OP-EDS

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November 3, 2006

Reality check

Crime is a fact of life living in Hyde Park, but this seems to come as news to Student Government (SG). This week, they decided to take action against crime and do what they do best: form a Committee. SG’s plans might be full of ambition, but they lack the forethought necessary to actually make Hyde Park safer. SG is in need of a serious reality check on this issue. A basic look at the facts surrounding crime on campus reveals that SG is going to have to ditch its current course on crime and acknowledge the existence of infinitely more effective avenues.

In relation to the rest of Chicago, our neighborhood is one of the safest. We employ a private police force rivaled only by that of the Vatican. This comes in addition to the presence of the Chicago Police Department (CPD). It is impossible to look at these facts and still say the efforts to preserve safety on campus are anything less than up to par.

This is not to say that students and the rest of the Hyde Park community should sit back, pat our own backs, and do nothing to continue improving the services offered. We should always be searching for ways to improve safety, whether it involves studying crime patterns, increasing police presence, or decreasing the response time to a crime scene.

But these tasks fall under the primary duties of the experts already involved. It is not SG’s job to claim knowledge in a field where it does not have the resources or experience to address the problems at hand. Instead, it should use its power as a consolidated student voice to lobby for changes to those that have the power to institute them. In this case, they should work with the UCPD and CPD to improve their effectiveness. This would be far more beneficial than establishing an internal committee with the mission of promoting a secure campus—SG can do more by working with the system in place rather than supplementing it.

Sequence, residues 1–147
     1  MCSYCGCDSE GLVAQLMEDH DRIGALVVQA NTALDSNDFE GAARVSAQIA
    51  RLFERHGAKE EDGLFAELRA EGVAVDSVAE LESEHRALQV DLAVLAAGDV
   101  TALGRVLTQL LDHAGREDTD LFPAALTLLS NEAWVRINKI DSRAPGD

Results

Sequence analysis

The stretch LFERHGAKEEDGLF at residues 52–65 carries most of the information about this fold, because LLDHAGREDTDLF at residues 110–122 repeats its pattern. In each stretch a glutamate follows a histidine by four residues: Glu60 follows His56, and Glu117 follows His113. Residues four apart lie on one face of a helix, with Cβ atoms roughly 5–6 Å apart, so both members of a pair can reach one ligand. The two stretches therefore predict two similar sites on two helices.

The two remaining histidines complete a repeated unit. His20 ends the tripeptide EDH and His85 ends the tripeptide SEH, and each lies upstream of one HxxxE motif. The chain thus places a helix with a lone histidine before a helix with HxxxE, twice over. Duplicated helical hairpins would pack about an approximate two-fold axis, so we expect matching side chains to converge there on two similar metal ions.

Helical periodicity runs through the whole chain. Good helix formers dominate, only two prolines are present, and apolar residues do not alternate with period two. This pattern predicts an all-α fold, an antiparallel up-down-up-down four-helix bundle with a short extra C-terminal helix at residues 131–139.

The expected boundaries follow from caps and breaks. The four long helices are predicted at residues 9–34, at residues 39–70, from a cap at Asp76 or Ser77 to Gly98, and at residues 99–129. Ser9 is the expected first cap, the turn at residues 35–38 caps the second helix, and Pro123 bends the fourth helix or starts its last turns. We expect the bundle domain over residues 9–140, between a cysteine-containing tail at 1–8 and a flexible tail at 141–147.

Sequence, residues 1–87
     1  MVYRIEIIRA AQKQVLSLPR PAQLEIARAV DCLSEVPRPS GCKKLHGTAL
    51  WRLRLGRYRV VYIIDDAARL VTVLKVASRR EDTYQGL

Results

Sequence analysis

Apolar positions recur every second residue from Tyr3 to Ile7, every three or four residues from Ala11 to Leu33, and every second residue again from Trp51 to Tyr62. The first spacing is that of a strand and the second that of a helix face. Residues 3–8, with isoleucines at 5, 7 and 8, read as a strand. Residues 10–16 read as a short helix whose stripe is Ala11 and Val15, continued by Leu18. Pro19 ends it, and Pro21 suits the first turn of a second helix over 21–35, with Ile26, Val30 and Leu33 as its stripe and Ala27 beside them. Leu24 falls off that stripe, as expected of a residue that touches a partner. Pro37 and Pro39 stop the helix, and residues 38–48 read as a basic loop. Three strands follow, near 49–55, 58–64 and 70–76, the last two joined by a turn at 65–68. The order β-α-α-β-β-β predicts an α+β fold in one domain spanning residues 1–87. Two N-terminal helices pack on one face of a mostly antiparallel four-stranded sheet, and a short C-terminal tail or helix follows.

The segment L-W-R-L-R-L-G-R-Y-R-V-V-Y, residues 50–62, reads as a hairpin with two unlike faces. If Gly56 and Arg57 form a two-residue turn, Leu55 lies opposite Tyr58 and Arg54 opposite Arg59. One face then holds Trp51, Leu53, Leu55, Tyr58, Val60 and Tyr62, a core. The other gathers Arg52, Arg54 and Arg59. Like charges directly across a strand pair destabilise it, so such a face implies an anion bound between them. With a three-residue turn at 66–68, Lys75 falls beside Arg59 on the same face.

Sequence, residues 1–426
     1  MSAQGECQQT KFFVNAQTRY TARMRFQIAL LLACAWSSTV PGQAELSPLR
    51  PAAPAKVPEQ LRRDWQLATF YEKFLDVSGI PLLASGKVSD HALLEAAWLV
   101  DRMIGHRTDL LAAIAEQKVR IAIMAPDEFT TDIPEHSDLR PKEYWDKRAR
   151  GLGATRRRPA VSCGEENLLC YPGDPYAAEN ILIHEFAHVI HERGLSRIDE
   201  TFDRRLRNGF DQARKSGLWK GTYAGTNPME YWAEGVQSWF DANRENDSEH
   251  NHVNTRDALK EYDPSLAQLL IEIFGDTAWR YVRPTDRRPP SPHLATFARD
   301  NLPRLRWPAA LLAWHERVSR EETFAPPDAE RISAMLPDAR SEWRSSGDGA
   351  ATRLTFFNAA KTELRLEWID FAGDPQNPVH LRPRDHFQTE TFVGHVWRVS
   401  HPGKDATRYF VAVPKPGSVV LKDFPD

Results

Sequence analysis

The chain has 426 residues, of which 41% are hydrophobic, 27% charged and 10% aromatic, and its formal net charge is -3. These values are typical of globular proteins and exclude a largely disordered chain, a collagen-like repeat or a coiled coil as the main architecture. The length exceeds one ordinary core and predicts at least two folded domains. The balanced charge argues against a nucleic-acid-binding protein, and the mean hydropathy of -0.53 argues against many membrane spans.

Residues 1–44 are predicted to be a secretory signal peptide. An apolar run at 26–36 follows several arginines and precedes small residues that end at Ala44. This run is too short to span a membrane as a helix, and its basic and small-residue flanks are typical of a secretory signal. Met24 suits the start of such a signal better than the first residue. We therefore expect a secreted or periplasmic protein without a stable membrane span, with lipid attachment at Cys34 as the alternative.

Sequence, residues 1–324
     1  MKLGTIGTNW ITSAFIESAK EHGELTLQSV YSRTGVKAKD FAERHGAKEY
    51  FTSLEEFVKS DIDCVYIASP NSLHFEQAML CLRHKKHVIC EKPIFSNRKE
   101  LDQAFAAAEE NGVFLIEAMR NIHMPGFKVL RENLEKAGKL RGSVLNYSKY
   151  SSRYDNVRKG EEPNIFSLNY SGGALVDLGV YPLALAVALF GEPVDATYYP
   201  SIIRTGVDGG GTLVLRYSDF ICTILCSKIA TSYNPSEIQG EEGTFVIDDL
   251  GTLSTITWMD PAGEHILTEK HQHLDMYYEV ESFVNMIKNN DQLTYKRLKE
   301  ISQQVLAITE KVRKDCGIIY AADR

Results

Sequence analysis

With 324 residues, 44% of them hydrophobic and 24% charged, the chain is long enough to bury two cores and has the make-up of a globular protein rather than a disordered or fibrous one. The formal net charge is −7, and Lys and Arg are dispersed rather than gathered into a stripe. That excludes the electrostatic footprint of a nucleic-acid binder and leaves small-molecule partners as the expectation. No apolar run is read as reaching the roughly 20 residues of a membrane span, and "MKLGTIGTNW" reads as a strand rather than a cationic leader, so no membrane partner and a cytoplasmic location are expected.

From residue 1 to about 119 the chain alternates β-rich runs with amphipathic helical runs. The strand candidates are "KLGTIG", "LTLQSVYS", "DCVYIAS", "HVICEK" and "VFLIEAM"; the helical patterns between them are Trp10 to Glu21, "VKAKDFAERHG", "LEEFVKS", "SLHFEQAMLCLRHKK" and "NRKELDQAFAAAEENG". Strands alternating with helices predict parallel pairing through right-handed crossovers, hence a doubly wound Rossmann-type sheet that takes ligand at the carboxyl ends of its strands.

One of the committee’s proposals, the creation of a database tracking campus crime, is superficial and redundant. The CPD already tracks crime throughout Chicago, which includes Hyde Park. In this, as with the production of an inefficient committee, SG seems to be catering to students’ complaints about crime and desire to feel reassured, rather than trying to achieve improvement.

But all of the blame should not be placed on SG. Students’ complaints are what prompted their action. Students must get used to the fact that crime happens. Complaining in the way they have suggests many have yet to face this reality. We give you all the same advice that we give SG: Complain to those who can make a difference, and base your complaints in reality.